The Center of Excellence in Leadership of Learning (CELL) at the University of Indianapolis is celebrating 20 years of education transformation across the state of Indiana.
A lot has changed since CELL launched in 2001. Think about technology advances alone: The first iPod hit shelves within days of the Center’s launch, and the smartphone came into existence six years later! Gmail and Facebook didn’t exist until 2004, a year before Merriam-Webster English Dictionary added the term “WiFi” and YouTube made video streaming a reality. The act of “scheduling a Zoom” was not even possible until 2011. Today, these tools are critical for effective virtual schooling.
Another thing that’s changed since 2001: students in Indiana have more choices for their future. College hasn’t always been an option for all Hoosiers, but CELL is working to change that reality while also breaking down barriers for educators in the state. CELL is focused on helping all students graduate from high school fully prepared for success in postsecondary education and in the 21st-century workforce.
Highlights from the last two decades include hosting the inaugural “Indiana’s Future” Conference in 2005 and receiving $11.3 million in grant funding from the Bill & Melinda Gates Foundation in 2003. Current strategic initiatives include Early College High School, which helps first-generation and minority students, Rural Early College Network, Education Workforce Innovation Network, which develops regional business collaborations, the Lilly Endowment Comprehensive Counseling Initiative, STEM Teach, and more. Learn more about our work.
The Center of Excellence in Leadership of Learning is a leading convener, catalyst and collaborator for dynamic, innovative education change in Indiana. CELL is committed to all Indiana students, regardless of background, graduating from high school equipped with the skills and knowledge necessary for success in postsecondary education, training and the 21st -century global economy. Through partnerships with international, national and local education leaders and organizations, CELL unites schools, communities, businesses, universities and policy-makers to create substantial, sustainable statewide education change to improve academic success for Hoosier students and to promote economic advancement in Indiana. Over the last twenty years, the Center has generated $57 million in funding to support its work as the leader for innovative education change in Indiana.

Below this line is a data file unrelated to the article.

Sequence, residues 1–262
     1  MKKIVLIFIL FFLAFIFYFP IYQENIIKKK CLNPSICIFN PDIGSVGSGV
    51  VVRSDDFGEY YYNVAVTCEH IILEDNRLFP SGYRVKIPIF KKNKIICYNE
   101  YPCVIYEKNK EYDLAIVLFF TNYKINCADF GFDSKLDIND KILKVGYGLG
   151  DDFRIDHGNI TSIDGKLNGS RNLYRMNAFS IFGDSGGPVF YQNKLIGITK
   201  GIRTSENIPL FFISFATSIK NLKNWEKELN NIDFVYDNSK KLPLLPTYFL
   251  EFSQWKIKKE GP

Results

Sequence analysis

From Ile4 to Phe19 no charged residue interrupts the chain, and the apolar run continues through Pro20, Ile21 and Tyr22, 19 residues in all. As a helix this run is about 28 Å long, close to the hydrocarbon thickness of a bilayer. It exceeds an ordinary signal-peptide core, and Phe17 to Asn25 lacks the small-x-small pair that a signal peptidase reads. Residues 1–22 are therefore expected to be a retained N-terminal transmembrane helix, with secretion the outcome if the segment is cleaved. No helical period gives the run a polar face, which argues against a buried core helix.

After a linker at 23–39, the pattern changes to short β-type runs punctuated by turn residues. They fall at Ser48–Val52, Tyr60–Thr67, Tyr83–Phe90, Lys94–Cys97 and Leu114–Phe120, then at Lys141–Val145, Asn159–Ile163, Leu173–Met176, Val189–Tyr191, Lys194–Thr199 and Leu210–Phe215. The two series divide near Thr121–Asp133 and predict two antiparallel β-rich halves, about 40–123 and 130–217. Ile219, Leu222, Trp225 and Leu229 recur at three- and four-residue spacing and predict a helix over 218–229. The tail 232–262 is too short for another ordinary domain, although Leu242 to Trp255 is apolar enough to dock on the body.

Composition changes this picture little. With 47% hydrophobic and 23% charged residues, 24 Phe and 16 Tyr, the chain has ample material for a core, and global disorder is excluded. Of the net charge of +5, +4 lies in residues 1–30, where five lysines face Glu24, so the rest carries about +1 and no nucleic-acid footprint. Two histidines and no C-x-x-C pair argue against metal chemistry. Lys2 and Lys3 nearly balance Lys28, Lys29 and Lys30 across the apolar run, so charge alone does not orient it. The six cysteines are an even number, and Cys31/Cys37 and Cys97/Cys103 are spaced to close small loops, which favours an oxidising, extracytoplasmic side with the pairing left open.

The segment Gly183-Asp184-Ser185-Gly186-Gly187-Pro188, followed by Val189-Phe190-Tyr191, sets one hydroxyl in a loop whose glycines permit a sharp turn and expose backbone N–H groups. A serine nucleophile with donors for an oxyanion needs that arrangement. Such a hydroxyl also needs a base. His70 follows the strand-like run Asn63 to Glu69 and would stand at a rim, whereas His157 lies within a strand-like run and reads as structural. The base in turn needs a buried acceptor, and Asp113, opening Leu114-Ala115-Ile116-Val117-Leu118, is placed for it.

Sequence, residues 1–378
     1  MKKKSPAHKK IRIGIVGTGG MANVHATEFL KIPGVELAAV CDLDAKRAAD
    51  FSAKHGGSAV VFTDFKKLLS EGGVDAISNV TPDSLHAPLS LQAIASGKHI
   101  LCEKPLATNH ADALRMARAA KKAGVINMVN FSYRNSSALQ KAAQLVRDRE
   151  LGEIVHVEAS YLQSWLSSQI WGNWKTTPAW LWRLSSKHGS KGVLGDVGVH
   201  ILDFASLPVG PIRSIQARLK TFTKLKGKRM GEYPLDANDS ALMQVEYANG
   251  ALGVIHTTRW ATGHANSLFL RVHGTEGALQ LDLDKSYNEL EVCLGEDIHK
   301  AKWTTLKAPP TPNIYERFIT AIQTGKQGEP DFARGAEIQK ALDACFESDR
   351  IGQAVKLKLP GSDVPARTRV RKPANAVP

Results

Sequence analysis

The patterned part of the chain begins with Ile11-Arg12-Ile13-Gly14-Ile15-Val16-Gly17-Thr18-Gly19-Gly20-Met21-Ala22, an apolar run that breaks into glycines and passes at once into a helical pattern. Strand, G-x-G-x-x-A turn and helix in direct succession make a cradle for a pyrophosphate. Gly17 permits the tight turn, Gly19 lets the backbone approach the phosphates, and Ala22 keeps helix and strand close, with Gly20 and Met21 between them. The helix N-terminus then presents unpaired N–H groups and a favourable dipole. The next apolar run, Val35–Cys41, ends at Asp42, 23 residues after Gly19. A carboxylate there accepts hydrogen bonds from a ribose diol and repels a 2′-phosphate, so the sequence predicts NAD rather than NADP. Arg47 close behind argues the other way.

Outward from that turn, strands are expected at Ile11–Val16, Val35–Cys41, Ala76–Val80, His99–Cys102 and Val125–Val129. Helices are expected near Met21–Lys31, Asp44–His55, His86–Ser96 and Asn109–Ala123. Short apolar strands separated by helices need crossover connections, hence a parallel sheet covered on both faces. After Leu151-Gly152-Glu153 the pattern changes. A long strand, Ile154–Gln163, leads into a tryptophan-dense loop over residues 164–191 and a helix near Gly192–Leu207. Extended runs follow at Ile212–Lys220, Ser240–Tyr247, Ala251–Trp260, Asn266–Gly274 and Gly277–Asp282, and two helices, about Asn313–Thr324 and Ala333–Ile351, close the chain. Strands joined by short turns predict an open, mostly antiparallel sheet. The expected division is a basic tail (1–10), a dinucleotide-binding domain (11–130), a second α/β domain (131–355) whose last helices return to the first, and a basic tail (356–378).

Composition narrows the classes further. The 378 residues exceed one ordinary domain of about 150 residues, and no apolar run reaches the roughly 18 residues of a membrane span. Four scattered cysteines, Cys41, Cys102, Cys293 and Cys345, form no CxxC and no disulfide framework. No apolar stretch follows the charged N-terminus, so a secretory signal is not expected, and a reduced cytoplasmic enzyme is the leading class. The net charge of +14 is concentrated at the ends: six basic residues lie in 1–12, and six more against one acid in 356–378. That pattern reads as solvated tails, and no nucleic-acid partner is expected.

In 2019, CELL received a $7.9 million grant as part of the federal Education Innovation and Research (EIR) program administered by the U.S. Department of Education’s Office of Elementary and Secondary Education. This allowed CELL to establish a Rural Early College Network (RECN) to help rural Indiana schools more quickly implement the Early College (EC) high school model. Early College targets underserved students and allows them to earn both high school diplomas and up to two years of credits toward bachelor’s or associate degrees through rigorous dual credit classes supported by wrap-around services.
Recently, to address challenges exacerbated by the global coronavirus pandemic, CELL began a collaborative project with the CIESC (Central Education Service Center) to support 30 school districts in implementing effective digital learning, with a focus on developing and improving the availability of remote learning technologies. One grant worth $3.3 million will fund devices and broadband in nine service centers and 23 school districts in rural areas across the State of Indiana. The second grant allotted $1.5 million for professional development to improve educators’ capacity to provide engaging and effective online instruction. In addition to providing broadband for rural areas that frequently lack high-speed internet access, the $3.3 million grant will be used to connect families to wi-fi hotspots as well as to buy equipment such as laptops for students and teachers.
“Over the last 20 years, CELL has been a force for positive change in the Indiana educational landscape,” said Carey Dahncke, Executive Director of CELL. “We have impacted hundreds of thousands of students along the way to ensuring that every student in Indiana has access to a meaningful and high-quality education. In the next 20 years, even as the world continues to change, we will keep working to advance that mission.”